IBM and Motorola Inc. are combining forces to deliver a wide array of Web-based and wireless infotainment services to vehicles.
The two companies are expected to announce an alliance this week. It will be aimed at providing services to automakers and suppliers that make communications and computing devices for cars and trucks. Those services will include news, entertainment and roadside assistance.
The alliance brings Motorola, a longtime automotive supplier and a leading wireless technology company, into partnership with IBM. The computer giant is moving aggressively to expand its electronic commerce business.
Under the deal, IBM would map out information technology architecture and handle the software interfaces to the wireless system that Motorola will use to deliver programming and other services to vehicles.
The goal is to put much of the computing power and data on land-based systems. That would reduce the need to install expensive and complicated computing devices in vehicles.
'The solution lives on the network,' said one person familiar with the strategy.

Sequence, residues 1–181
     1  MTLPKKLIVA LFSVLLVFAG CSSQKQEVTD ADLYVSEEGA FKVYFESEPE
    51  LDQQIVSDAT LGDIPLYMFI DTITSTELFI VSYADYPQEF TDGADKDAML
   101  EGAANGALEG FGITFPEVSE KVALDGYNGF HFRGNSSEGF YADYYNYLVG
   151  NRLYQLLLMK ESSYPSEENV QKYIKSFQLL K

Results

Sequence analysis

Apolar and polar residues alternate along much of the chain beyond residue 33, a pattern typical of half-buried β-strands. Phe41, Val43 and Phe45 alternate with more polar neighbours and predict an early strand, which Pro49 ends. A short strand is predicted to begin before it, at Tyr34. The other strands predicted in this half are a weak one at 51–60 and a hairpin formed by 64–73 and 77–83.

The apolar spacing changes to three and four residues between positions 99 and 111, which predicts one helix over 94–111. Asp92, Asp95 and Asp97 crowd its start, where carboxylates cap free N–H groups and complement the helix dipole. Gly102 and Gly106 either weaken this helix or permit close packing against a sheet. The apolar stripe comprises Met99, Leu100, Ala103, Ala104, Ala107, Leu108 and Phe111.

Because of safety concerns, IBM and Motorola are expected to use software that translates text-based information into computer-generated voice messages. That would allow drivers to focus on the road and reduce the need to fumble around for instrument panel dials and switches. An e-mail message, for example, could be downloaded into the car via a wireless connection and then be 'read' to the driver by the instrument panel receiver.
IBM and Motorola are not expected to announce customers for their new business until early 2001. The companies are targeting most automakers and key suppliers of advanced automotive electronics.
The announcement is scheduled for Thursday, Jan. 13, at the North American International Auto Show in Detroit.
John Couretas can be reached at [email protected] or at (313) 446-1638